Category Archives: Whole Food

Chicken Poop and Cookies: Food for Cows?

At one time someone posted a comment on my Raw Milk facebook page explaining how while he was in college (can’t remember which one) he did some kind of animal husbandry internship where it was his job to try to get cows to eat chicken litter. They had to try all kinds of things because the cows were not naturally inclined to eat it. For those of you wondering what chicken litter is, it is basically straw or wood shavings  and chicken poop that is scooped up off the floor of the chicken coop while cleaning it. Yum.

I had some skepticism when I first read that cows were fed old chicken house bedding that contained chicken manure, because it seemed so crazy to me, but after a little research into “feedstuffs” for cattle, there were all kinds of unsavory things that cows are fed. Here is an incomplete list of the things that I discovered on various university extension and cattle industry websites:

Chicken litter (Chicken manure and straw or wood chips)

Shredded newspapers soaked in molasses

Blood meal (dried blood from slaughter house waste)

Animal byproducts: fish meal, meat and bone meal, poultry by-product meal, etc. (slaughter house waste – wait, isn’t this what caused mad cow disease??)

Hydrolyzed Feather Meal (AKA chicken feathers – also slaughterhouse waste – this REALLY eliminates the humor in those chic-fil-a commercials)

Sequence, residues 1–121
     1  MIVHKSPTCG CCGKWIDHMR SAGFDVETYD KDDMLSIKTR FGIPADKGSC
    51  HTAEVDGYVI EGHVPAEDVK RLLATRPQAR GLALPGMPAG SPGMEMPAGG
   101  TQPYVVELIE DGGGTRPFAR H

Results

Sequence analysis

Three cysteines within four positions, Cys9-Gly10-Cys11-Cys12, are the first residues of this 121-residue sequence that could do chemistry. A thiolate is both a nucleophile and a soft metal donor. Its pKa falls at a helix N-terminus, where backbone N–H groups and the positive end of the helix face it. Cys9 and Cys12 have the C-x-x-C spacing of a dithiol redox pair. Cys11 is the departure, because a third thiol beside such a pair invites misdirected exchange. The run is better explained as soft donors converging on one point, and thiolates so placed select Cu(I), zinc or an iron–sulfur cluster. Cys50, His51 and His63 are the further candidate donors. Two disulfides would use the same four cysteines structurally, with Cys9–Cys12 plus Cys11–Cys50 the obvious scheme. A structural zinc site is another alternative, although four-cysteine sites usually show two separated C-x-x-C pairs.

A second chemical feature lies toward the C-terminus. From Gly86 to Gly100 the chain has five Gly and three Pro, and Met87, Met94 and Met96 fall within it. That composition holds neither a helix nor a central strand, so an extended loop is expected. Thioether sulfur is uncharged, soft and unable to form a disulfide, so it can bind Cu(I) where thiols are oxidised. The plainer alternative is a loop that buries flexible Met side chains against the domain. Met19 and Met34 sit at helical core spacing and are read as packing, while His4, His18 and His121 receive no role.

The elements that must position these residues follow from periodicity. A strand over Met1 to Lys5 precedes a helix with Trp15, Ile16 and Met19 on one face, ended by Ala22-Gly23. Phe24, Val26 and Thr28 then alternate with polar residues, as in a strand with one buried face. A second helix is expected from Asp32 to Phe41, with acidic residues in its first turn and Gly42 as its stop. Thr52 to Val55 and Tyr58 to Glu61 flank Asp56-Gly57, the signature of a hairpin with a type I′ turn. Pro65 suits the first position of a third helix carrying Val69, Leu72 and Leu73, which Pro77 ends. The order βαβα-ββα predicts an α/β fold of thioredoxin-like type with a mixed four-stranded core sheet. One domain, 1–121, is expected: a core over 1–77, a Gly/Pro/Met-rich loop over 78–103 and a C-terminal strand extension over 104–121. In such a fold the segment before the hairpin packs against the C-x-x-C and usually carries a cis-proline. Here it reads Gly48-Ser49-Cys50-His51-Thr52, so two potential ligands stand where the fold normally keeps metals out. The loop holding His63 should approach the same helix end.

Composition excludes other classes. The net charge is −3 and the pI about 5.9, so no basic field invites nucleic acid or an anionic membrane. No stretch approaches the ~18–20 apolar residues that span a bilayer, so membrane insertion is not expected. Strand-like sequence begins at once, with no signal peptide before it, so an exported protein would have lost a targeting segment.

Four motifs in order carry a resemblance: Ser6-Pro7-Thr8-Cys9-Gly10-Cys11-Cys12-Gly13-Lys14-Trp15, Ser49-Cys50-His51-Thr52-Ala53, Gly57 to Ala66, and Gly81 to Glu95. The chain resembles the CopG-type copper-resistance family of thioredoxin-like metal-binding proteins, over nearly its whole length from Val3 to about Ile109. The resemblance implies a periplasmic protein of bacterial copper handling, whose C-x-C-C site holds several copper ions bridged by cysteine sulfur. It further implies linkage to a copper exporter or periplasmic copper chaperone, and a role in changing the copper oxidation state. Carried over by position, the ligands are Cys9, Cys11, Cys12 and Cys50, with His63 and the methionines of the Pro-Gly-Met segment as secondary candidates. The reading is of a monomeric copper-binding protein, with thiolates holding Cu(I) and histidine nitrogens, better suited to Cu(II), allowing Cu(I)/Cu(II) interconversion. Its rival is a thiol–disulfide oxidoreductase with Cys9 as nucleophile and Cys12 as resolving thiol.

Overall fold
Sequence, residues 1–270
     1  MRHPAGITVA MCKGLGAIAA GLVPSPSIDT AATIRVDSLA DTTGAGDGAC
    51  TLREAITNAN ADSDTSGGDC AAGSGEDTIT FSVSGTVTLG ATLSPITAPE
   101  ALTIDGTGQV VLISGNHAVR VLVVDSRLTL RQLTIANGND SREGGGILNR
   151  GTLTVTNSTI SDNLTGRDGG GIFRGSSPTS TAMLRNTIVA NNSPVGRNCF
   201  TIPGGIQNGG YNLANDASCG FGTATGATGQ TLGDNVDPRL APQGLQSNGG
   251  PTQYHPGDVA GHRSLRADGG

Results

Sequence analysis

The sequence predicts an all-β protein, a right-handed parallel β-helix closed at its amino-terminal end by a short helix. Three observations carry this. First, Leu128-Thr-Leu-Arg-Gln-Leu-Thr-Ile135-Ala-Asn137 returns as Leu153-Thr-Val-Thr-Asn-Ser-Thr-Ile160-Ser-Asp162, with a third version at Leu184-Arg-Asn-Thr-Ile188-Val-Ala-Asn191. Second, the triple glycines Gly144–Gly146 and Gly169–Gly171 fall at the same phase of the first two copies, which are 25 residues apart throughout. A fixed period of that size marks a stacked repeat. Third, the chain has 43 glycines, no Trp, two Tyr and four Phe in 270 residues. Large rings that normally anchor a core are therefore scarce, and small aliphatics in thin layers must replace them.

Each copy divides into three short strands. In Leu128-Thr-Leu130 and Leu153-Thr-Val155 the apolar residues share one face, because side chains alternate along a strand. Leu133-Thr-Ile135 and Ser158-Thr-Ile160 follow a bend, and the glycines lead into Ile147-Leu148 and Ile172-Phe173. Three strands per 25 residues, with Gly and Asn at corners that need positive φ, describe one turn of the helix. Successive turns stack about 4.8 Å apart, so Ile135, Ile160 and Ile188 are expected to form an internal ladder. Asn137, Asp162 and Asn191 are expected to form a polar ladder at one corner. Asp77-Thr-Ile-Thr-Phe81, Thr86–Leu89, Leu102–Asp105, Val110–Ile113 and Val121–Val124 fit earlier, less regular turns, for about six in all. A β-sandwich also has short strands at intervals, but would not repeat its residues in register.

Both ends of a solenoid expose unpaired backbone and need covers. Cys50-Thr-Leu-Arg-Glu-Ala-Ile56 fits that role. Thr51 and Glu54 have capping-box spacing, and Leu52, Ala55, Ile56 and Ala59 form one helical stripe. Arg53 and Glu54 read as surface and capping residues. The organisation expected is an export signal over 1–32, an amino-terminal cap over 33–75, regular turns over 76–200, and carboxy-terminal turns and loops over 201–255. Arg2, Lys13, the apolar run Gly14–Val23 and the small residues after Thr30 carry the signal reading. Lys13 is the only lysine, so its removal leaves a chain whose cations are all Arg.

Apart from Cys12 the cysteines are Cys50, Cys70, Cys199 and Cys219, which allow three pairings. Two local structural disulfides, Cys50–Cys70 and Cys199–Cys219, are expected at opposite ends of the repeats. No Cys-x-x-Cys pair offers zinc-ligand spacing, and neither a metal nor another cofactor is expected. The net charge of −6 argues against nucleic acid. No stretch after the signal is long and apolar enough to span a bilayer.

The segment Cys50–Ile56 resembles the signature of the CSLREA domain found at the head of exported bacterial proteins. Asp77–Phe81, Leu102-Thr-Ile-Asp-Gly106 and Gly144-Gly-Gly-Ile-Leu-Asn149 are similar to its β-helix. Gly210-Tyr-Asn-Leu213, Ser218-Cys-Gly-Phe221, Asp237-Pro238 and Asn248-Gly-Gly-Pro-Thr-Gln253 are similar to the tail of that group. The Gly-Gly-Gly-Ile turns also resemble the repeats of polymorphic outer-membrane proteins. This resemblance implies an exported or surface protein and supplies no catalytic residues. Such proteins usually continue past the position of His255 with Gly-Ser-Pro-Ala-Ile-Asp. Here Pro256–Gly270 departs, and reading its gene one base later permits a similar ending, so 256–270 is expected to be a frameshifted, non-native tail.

Stale candy: gummy bears, gummy worms, m&ms, etc.

Pasta (old surplus pasta)

Surplus french fries and potato chips

Cannery waste (waste from canning factories where canned vegetables etc are processed)

Stale bakery goods: breads, donuts, pastries, etc.

Soy cakes (left over after making soy sauce)

Brewery waste: spent grains from making beer (this is what caused the problems that led lawmakers to decide that milk needed to be pasteurized after milk from cows that were fed brewery waste sickened and killed hundreds of people.)

Rotten potatoes that never made it to grocery store shelves. (This only after potatoes useable for making frozen french fries are separated out. My father used to work at a factory that made frozen french fries, and the place smelled like a sewer. The potatoes used for fries were rotten, but not completely mush yet. They would soak them in a solution to harden them again, then bleach them, then cut them into fries and flash freeze them. The potatoes that couldn’t even survive this process are sold as animal feed.)

Soy hulls (a byproduct from the soybean milling process)

Corn, cottonseed, soy, peanut, and other ‘meals’ (leftover from making oils)

Cotton gin trash (leftover from harvesting and milling cotton)

Peanut shells

Grain middlings (left over from milling flour)